This poem is about rejuvenation.  The poem is about a construction worker who comes home after a long, tiring day.

The form of the poem is four line stanzas.  The stanzas are in rhyming sets of two stanzas each with a rhyming pattern of ABCB DBEB.  There are four sets.

In the first stanza, the construction worker comes home.  The worker is described as concrete and a stone statue.  The worker’s day is described as desert sands and desolate lands.

In the second stanza, the worker stands at their front door.  The worker is described as silence and the door is described as gates, iron walls, and a place with sentry bands.

In the third stanza, the person is in their house.  The house is described as darkness, a cave of four walls and empty halls.  The worker is described as a ghost.

In the fourth stanza, the imagery changes.  Things become positive.  In this stanza the worker takes a shower.  The shower is described as being in the far distance and as calling water.  The person is tired in the shower and is described as having all spent.  The dirt on the person, their tiredness and symbolically the day are washed away in the shower.  This is described as memory falls.

In the fifth stanza, the person is out of the shower.  They are starting to feel rejuvenated.  This is described as Eyes open wide, a world is seen, air fills the lungs and breath is clean.

In the sixth stanza, the person goes to their kitchen and eats.  The kitchen is described as the room, where farmers glean.  The person eating is described as the life gaining form and not being so lean.

In the seventh stanza, the person drinks water.  The water is described as Elixir, and the drinking of it has an effect described as all seems bright, as life flows through veins, and glows with light.

In the eighth stanza, the person lies down on their couch to rest.  The couch is described as clouds, down low from their height.

Poem with an explanation: statues

The statue sat,
there upon stones,
with eyes open,
hoping to hear.

The statue sat,
there upon cushions,
with eyes closed,
hoping to ignore.


This poem is about homelessness.  The poem has two stanzas, each with four lines.  Each line has three words.  The stanzas are the same except for the end words of lines two, three and four.

The first stanza is about a homeless man.  He is sitting outside of a fast food restaurant (The statue sat) on concrete (there upon stones).  He is looking inside the restaurant (with eyes open) hoping someone will beckon him inside for some food (hoping to hear).

The second stanza is about a man in the restaurant.  He is sitting (The statue sat), upon a seat cushion (there upon cushions).  He can see the homeless man, but is trying not to look at him (with eyes closed).  He is trying to feel like he doesn’t see the homeless man (hoping to ignore).

The poem contrasts two very similar images.

P. S. Just a reminder, if you like poems with explanations, please consider purchasing a copy of M. Sakran’s eBook, Understanding: poems with explanations.

Poem with an explanation: Injustice

A bell,
a bell,
the cries are heard,
the cries are heard,
and then laughter.

A bell,
a bell,
the cries are heard,
the cries are heard,
and then laughter.

The music box plays.

A moment of resolve.

A bell,
a bell,
a voice is heard,
no laughter.

A bell,
a bell.

A door,
a voice,
a plea,
a smirk,
a word,
a wink,
and banishment.

A door,
a gathering.



This poem is about injustice.  The poem is about a child in middle school.  Each day at school the child is bullied by a group of students.  One day, the child decides to fight back and beats up one of the bullies.  The child is then called to the principal’s office and suspended for fighting.  As the child leaves, they hear the comradery between the principal, a parent of the main bully whom the child beat up and the bully.  The child understands the injustice.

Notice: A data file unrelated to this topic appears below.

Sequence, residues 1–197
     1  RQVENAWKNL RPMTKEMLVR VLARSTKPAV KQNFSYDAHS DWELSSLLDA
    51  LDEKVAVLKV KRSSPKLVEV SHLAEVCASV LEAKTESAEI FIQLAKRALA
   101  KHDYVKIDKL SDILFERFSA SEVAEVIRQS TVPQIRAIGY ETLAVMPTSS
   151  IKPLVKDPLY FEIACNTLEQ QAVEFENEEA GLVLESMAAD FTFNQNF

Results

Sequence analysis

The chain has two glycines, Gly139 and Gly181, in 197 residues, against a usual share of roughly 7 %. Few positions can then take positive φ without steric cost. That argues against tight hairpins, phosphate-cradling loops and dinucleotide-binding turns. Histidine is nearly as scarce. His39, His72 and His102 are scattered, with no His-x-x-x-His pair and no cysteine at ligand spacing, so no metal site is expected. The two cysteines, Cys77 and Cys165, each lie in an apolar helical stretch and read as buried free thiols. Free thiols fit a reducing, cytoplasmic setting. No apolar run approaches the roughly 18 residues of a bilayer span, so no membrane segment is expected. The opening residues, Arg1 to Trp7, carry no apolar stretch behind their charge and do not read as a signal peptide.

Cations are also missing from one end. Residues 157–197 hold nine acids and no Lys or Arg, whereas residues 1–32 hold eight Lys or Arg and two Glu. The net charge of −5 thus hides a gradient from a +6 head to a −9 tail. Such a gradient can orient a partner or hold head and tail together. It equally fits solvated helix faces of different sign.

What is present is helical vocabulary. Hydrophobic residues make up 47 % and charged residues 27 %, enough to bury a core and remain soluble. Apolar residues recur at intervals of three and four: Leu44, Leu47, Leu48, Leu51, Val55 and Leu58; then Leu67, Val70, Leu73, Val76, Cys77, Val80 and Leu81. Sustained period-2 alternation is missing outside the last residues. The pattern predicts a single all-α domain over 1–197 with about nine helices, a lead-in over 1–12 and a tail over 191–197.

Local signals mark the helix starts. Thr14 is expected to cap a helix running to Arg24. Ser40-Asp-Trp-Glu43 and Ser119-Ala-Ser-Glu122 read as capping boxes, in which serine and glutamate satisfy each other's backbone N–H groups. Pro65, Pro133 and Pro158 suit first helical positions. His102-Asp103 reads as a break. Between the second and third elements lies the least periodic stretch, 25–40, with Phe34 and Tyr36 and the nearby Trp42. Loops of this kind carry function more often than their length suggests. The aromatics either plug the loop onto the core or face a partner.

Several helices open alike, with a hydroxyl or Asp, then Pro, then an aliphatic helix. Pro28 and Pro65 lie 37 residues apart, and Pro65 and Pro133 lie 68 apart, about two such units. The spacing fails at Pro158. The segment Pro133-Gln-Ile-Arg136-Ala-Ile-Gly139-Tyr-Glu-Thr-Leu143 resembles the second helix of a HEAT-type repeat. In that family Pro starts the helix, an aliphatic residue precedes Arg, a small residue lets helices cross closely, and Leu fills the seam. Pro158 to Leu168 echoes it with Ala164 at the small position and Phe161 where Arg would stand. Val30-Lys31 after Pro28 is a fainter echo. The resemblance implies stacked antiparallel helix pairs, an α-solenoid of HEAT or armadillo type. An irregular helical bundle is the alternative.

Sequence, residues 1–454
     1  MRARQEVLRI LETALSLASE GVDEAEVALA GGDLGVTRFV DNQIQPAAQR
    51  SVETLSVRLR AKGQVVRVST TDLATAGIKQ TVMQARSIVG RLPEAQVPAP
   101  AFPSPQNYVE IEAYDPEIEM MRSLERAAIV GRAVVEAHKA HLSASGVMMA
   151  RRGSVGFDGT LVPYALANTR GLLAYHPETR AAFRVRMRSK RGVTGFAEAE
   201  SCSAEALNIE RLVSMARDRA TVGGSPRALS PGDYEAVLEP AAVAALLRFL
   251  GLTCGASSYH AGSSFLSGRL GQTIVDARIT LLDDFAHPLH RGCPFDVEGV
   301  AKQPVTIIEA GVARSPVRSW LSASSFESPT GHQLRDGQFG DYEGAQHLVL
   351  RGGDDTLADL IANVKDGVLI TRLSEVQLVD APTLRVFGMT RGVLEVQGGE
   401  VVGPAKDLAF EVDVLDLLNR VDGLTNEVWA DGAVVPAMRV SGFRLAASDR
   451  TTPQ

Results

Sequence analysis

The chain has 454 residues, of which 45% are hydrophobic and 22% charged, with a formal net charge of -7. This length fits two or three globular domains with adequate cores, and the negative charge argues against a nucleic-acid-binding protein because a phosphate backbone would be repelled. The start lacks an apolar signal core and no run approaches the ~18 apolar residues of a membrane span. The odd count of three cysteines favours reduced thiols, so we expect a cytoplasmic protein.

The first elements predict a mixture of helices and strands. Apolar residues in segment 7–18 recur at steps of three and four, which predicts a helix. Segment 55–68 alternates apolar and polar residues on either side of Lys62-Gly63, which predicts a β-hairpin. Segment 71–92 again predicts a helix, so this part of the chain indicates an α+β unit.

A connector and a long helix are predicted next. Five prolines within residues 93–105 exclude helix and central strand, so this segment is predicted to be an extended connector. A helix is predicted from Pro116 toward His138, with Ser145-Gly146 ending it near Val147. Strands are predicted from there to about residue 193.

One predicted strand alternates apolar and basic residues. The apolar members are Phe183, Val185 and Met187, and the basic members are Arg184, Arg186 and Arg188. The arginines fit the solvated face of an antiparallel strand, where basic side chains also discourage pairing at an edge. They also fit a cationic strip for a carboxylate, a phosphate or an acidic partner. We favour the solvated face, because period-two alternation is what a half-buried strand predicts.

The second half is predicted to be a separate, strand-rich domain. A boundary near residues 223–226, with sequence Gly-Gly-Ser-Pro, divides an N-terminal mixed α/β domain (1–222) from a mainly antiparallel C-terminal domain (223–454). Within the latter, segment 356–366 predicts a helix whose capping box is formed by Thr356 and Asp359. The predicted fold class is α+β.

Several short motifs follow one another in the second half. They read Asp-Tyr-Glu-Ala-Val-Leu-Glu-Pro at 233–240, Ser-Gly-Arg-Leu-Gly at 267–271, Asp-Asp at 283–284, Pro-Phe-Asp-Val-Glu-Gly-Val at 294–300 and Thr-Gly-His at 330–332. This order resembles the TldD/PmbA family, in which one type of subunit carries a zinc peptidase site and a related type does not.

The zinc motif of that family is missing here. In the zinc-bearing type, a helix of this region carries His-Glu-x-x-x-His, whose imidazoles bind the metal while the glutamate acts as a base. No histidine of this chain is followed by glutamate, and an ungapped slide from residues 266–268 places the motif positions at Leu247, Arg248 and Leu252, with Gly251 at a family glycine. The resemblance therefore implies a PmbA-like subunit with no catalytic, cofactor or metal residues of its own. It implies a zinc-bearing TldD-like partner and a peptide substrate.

This poem is about a situation that sometimes happens in life, that when someone fights back against a wrong, they themselves get punished.  There are a number of situations and circumstances like this in life.  An example might include a person who gets fired when they complain against the actions of their boss.

The poem starts with the start of the school day (A bell).  After the first class (a bell) the bullying happens.  The child’s backpack is knocked to the floor (falling), the child is shoved to the ground (sliding), the child is taunted by the bullies (the cries are heard), the child pleas to be left alone (the cries are heard), and the bullies laugh (and then laughter).

The second stanza is a repeat of the first to show the repetition of the act.

The third stanza says The music box plays.  This is in reference to the repetition of bells and is meant to show the passage of school days.  The idea is that the bullying happens each day and happens for many days.

In the fourth stanza, the child decides to do something about their problem.

In the fifth stanza, the school day starts (A bell), the first class ends (a bell), and the child’s backpack is knocked to the ground (falling).  This time though, as the bully tries to shove the child, the child stops them (stop).  The child swings at the bully twice, hitting them with their fists (swing, swing).  The bully falls down (falling) and slides on the floor (sliding).  The child stands tall and says they will be a victim no longer (a voice is heard).  None of the bullies laugh (no laughter).

In the sixth stanza, the next school day comes (A bell), the first class ends (a bell), but there is no bullying.

In the seventh stanza, the child is called into the principal’s office (A door).  The principal chastises the child for fighting in school (a voice).  The child tries to explain the situation (a plea).  The main bully, who is also in the room with their parent and is portraying themselves as a victim, smirks at the situation (smirk).  The principal tells the child they don’t care for their explanation, that fighting is never allowed (a word).  The principal looks at the bully’s parent with a knowing look (a wink), and the child is suspended from school.

As the child leaves the principal’s office (A door), they hear the familiar style of talking between the principal, the bully’s parent and the bully (a gathering).  All three are friends.